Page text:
How to make a daisy crown
I made daisy crowns and dandelion necklaces.
I climbed trees with my knees scraping bark
to see what was on the other side of my neighbor’s fence
or down the hill, or off in the distance on a sea of treetops.
I drank water from the dog bowl to see if it tasted different.
I tried cat food to see if they liked things the same as me.
I wove elaborate stories, like plays,
that I repeated until I had them memorized
then performed them to blank-faced audiences of dolls.
I became a mosquito scratching relative legs until they sprayed me away.
I watched from my window, every day through winter to see the first robin of Spring.
I dashed wildly, madly through the scented Autumn leaves.
I splashed loudly in puddles
when I didn’t have on rain boots and when I did.
I drove a pedal car up and down the sidewalk in front of my home;
Mine was green, my brother’s blue.
I rode my bike as fast as the wind
skinning the ends from my toes for riding barefoot.
My baby doll became a real child needing care
right down to being walked in a baby buggy, pampered and cuddled.
I sang songs when there were people around
and when there wasn’t.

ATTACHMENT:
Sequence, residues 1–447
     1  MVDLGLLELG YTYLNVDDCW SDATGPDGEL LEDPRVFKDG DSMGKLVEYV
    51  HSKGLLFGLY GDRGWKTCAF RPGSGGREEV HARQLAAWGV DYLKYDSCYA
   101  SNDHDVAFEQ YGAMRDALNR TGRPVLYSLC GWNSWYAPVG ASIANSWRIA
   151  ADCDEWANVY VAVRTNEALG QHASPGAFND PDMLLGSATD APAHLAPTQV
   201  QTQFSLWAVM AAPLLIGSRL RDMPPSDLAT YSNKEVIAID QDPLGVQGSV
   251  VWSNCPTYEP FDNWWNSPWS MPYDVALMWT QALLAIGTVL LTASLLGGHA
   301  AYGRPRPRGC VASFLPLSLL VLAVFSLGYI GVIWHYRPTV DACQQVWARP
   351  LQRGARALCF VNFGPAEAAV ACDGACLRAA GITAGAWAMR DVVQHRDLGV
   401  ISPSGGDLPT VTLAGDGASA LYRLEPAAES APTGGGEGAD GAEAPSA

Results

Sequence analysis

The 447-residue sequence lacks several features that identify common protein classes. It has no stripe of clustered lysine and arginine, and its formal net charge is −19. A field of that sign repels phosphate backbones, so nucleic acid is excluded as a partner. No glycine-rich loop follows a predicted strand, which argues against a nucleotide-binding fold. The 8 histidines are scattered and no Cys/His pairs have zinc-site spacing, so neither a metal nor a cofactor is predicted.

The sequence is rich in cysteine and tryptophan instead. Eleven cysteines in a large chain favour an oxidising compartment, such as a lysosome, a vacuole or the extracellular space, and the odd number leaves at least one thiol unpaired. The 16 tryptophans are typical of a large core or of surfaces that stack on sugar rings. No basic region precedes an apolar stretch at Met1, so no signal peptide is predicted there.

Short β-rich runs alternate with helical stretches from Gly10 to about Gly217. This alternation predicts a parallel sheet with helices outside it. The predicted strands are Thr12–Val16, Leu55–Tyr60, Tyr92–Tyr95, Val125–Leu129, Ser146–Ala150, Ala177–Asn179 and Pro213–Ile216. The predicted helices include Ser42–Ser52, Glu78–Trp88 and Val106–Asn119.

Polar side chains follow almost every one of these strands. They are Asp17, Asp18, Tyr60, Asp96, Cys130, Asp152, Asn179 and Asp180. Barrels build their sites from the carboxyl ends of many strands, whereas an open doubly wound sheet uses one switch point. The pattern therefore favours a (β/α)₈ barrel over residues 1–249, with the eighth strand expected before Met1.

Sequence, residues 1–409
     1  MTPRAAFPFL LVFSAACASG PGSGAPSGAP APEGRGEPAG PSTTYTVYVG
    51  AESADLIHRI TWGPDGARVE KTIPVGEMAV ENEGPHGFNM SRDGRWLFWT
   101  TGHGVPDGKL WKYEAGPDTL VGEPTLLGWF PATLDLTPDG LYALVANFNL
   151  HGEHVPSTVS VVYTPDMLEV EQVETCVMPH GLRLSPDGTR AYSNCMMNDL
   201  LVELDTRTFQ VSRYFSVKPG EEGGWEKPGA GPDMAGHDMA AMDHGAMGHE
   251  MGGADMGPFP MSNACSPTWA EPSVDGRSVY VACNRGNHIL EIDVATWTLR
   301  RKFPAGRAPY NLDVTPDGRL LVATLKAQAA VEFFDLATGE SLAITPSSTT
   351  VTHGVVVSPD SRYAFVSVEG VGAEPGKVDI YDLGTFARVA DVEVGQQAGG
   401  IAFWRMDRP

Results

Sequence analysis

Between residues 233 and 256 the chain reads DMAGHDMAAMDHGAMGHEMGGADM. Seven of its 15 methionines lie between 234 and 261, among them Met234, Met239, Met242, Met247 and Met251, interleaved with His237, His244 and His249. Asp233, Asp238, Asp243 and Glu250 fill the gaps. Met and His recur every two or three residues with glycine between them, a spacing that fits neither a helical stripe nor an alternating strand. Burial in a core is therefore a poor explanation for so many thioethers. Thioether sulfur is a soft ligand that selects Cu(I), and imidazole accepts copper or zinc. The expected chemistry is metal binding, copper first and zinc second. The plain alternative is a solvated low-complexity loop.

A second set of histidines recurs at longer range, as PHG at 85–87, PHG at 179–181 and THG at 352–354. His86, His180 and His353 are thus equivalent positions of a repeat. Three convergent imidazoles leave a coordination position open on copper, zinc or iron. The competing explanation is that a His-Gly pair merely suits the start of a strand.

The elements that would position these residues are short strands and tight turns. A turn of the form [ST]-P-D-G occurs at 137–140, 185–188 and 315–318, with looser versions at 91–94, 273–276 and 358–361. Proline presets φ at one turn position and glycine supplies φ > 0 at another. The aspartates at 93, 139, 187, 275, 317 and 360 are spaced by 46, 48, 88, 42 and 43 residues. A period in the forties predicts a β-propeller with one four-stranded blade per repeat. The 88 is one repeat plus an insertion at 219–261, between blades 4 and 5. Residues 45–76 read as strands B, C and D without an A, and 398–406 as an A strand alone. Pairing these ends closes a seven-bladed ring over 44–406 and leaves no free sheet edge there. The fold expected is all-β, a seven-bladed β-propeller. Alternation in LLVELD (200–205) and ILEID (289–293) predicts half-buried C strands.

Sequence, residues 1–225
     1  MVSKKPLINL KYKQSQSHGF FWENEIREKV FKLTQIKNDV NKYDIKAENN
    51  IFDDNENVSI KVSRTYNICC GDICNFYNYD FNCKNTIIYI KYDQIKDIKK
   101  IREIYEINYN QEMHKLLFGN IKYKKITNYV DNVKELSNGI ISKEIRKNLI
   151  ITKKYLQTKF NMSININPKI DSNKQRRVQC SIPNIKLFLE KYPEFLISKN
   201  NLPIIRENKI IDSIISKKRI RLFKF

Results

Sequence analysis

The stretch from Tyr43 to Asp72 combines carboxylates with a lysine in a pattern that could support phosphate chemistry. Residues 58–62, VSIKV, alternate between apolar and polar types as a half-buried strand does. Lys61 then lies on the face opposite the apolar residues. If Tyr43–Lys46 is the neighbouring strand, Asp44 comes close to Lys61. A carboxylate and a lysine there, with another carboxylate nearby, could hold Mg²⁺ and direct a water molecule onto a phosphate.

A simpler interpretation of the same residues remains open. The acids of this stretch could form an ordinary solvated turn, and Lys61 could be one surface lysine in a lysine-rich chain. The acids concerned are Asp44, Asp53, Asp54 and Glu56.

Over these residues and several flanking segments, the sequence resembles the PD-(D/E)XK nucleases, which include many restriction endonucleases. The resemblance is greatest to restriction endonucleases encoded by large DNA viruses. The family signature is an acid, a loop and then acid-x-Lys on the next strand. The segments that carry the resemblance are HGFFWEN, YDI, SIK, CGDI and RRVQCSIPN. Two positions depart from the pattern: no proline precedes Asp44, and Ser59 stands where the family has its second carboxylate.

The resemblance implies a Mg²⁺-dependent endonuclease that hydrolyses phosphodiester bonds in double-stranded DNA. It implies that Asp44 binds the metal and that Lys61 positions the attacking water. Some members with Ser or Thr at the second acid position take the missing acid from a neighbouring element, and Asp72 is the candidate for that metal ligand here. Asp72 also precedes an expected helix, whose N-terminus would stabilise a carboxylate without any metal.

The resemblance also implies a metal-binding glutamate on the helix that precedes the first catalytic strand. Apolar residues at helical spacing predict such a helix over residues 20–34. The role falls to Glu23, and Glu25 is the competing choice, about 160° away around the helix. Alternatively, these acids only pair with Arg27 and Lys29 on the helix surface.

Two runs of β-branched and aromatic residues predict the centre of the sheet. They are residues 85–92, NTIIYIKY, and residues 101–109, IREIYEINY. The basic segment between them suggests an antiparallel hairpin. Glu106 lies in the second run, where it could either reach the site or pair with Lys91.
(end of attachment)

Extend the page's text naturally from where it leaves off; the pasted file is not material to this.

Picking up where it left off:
I wore the brightest clothes I owned with pride
but refused to wiggle my fanny at school for embarrassment’s sake
foregoing the envied bunny tail.
I dreamed of long hair like my favorite Aunts
but my hair was wild, unruly, and never behaved appropriately.
I played race car with the electric socket and a key
learning just how many people I could scare at one time.
I saw my world as beautiful, wondrous, and awe-inspiring.
My memories have not been muted, although faded a bit,
Dog-eared around the edges, notated and rewritten with crayons
reversed into a parking spot reserved for each one.
I take them out and drive them around adult conversations
but they get dismissed as comical fancies
disapproved of as childish rubbish.
But they’re wrong.
My childhood held many terrifying horrors.
I don’t think these wonders I hold in my memories are comical or rubbish.
They represented my soul unfurled like a battle-worn banner
proclaiming my liberty from my aggressive oppressors.
They were a time of exploration, learning, and comprehension.
They were and are my life boiled down to the simple things
that so many struggle toward, but I hold dear to my heart.